32:1656 –1662, 2009 (49).]

more than 1000-fold increase in glucosuria without any associated hypoglycemia, and the glucosuria persisted for several weeks after treatment cessation (44). This novel approach is of potentially great interest, and ISIS Pharmaceuticals (San Diego, CA) recently an- nounced that translation into human phase I studies is about to commence using a 12-nucleotide antisense oli- gonucleotide, ISIS-SGLT2 RX although very careful safety evaluation will need to be undertaken given the novelty of this approach.

SGLT2 inhibitors in clinical development

Dapagliflozin Dapagliflozin is a potent and highly selective SGLT2 inhibitor. The elimination half-life after intraarterial administration was 4.6, 7.4, and 3.0 h in rats, dogs, and monkeys, respectively (45). Single and multiple ascend- ing dose (SAD and MAD) studies with dapagliflozin confirmed that it has a pharmacokinetic profile consis- tent with once-daily dosing and produces a dose-depen- dent increase in glucosuria in humans. Dapagliflozin was rapidly absorbed after oral administration, and maximum plasma concentrations ( C max ) were observed withi n 2 h of adm inistration. The mean half-life after the last dose in the MAD study ranged from 11.2 to 16.6 h, and the data were similar for the SAD study with high dose. In theMAD study, a dose of 100 mg produced urine glucose of 58.3 g per 24 h and 55.4 g per 24 h on d 14. Dapagliflozin had no effect on urine and serum electrolytes, serum albumin, osmolality, or renal tubu- lar markers such as N-acetyl-b- D -glucosaminidase and 2-microglobulin. Two events of mild asymptomatic hypoglycemia were reported in the SAD study. No treat- ment-related serious adverse events were reported in either study (46).

In a phase IIa study, 47 patients with T2DM were randomized to re- ceive 5, 25, or 100 mg of dapagliflozin or placebo for 14 d. Those receiving 25 and 100 mg dapagliflozin had ap- proximately 40% inhibition of renal glucose reabsorption as compared with baseline resulting in glucose ex- cretion of up to 70 g per 24 h. Two of the 24 women who received dapagli- flozin were diagnosed with mild vul- vovaginal mycotic infections that re- solved i n 4 d with treatment. The most frequently reported treatment emer-

gent adverse events were gastrointes- tinal, including constipation, nausea, and diarrhea. There were no drug dis- continuations due to adverse events (47). A phase IIb multiple-dose study to evaluate safety and efficacy of dapagliflozin-randomized T2DM pa- tients to five dapagliflozin doses (2.5, 5, 10, 20, or 50 mg), metformin extended release, or placebo for 12 wk has recently been reported. Dapagliflozin improved hy- perglycemia and caused weight loss by inducing con- trolled glucosuria with urinary loss of approximately 200 –300 kcal/d. There was a weight loss of 2.5 to 3.4 kg in the dapagliflozin-treated patients, compared with 1.2 kg with placebo and 1.7 kg with metformin. Dapa- gliflozin treatment was not associated with clinically significant osmolarity, volume, or renal status changes. There was also no compensatory increase in hunger as assessed by visual analog scales. The rates of bacterial urinary tract infections (UTIs) were similar in the treat- ment and placebo arms, but there was higher incidence of genital infections in the dapagliflozin vs. placebo, especially at higher doses (48). A double-blind, three-arm parallel group, placebo-con- trolled study randomized 71 patients 1:1:1 to placebo, 10 and 20 mg dapagliflozin, plus oral antidiabetic agents and 50% of their prestudy daily insulin dose. At wk 12, dapa- gliflozin 10- and 20-mg groups demonstrated 0.70% and 0.78% mean differences in HbA1C change from baseline vs. placebo. Mean changes from fasting plasma glucose were 17.8, 2.4, and 9.6 mg/dl, and mean changes in total body weight were 1.9, 4.5, and 4.3 kg (placebo, 10-, and 20-mg dapagliflozin groups, respectively). The baseline HbA1c in the three groups were 8.4 0.9, 8.4 0.7, and 8.5 0.9, respectively. Overall, adverse events were balanced across all groups, but more genital infections occurred in the dapagliflozin 20-mg group than placebo. Also total hypoglycemic events were more frequently reported with dapagliflo-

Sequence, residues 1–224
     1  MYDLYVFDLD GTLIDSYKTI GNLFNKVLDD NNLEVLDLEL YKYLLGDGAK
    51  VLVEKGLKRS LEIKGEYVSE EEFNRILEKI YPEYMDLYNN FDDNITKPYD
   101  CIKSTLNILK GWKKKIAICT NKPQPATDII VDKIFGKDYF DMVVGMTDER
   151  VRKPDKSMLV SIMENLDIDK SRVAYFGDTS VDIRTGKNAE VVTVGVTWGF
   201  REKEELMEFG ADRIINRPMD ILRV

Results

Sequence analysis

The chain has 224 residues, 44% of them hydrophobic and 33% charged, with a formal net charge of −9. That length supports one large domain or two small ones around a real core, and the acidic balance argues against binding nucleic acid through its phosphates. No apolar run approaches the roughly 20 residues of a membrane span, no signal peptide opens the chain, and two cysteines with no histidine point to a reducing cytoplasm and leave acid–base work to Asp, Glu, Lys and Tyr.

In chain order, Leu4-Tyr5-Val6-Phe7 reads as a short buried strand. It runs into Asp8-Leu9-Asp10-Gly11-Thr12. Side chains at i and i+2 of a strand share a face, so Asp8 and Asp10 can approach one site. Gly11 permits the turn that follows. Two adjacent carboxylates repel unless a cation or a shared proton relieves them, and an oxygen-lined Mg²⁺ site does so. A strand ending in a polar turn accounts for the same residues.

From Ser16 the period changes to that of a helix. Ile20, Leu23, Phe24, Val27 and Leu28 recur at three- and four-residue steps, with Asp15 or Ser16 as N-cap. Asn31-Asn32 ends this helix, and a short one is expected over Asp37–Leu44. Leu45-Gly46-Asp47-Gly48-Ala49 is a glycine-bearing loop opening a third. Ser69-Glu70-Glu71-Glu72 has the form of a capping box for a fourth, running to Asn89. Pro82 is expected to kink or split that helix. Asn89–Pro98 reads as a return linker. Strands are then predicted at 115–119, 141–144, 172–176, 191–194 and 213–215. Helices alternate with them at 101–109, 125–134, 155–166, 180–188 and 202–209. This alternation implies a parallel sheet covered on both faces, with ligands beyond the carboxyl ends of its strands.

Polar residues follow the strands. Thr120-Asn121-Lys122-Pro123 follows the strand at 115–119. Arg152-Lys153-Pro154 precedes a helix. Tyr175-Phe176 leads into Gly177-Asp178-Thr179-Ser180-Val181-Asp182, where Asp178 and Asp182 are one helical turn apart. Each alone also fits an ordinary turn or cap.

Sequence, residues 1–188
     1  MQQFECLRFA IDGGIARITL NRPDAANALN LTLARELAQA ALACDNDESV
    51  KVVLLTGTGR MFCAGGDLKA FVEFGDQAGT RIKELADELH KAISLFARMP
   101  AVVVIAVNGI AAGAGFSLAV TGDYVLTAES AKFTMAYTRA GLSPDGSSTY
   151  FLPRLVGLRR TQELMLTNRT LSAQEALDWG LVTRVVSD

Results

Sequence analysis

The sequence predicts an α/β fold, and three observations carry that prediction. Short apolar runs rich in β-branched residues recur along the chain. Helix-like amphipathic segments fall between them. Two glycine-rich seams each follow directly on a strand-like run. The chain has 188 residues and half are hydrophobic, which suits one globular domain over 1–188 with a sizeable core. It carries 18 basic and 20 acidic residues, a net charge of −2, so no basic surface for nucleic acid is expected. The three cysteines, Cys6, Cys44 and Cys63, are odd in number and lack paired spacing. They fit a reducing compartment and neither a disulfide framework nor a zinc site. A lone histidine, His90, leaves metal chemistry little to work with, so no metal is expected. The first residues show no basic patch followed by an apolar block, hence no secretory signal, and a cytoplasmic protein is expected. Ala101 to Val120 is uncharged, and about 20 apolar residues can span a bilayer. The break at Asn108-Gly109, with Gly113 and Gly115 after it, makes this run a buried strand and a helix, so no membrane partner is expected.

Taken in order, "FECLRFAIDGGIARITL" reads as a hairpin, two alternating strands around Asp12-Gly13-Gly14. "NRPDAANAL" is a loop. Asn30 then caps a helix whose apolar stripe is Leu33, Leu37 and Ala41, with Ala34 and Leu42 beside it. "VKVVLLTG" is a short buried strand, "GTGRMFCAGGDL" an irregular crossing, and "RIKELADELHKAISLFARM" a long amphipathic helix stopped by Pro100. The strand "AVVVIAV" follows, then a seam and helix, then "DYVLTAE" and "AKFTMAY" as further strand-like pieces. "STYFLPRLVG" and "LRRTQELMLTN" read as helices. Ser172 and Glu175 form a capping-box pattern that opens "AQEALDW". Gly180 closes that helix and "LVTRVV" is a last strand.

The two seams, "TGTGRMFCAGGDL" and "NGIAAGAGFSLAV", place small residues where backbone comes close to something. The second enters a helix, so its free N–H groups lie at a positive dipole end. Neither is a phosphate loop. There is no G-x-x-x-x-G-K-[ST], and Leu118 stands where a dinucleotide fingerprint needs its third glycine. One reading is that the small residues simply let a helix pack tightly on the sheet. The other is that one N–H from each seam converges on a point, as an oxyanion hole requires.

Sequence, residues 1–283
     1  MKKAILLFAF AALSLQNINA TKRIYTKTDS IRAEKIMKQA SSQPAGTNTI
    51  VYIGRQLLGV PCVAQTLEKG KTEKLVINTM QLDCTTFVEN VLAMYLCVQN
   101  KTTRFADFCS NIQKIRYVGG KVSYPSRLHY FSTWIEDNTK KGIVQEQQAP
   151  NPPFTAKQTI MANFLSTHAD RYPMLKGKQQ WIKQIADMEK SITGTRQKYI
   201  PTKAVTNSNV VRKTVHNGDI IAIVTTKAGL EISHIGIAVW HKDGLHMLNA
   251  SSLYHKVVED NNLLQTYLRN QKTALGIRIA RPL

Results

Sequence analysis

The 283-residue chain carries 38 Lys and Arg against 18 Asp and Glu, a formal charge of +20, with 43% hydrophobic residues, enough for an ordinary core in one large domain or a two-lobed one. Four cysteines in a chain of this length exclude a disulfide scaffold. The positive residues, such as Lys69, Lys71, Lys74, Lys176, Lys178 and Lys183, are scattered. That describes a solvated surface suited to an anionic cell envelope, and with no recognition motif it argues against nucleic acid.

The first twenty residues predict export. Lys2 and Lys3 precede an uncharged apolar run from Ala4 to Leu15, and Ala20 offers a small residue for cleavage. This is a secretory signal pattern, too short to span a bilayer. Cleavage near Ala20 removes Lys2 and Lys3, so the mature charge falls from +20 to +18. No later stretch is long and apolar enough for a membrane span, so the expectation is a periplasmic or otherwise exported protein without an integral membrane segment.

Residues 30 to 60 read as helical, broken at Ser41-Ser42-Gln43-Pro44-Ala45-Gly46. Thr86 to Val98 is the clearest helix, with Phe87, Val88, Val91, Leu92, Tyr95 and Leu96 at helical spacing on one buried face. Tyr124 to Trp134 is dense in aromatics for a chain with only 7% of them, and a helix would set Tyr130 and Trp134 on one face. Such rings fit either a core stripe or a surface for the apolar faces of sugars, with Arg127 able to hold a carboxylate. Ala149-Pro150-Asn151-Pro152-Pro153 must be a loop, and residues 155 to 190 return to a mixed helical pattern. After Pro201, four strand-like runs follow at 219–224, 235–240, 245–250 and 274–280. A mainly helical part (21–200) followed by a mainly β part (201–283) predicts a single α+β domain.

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J Clin Endocrinol Metab, January 2010, 95(1):34 – 42

zin than placebo, although none of them was major (49) (Fig. 3).

A number of phase III clinical trials with dapagliflozin,

mostly as add-on therapies to existing antidiabetic drugs, are now under way.

Sergliflozin

A phase I study with 50 –500 mg of sergliflozin in 14

healthy volunteers and a phase IIa study where the same dose range was given to eight subjects with T2DM showed a dose-dependent increase in urinary glucose excretion that plateaued at higher doses. It did not cause hypogly- cemia in nondiabetic subjects, and there was a 1.5-kg weight loss from baseline to d 15 compared with placebo. There were no clinically significant effects on serum elec- trolytes or calculated creatinine clearance (50, 51). Devel- opment of sergliflozin has been discontinued in favor of remogliflozin.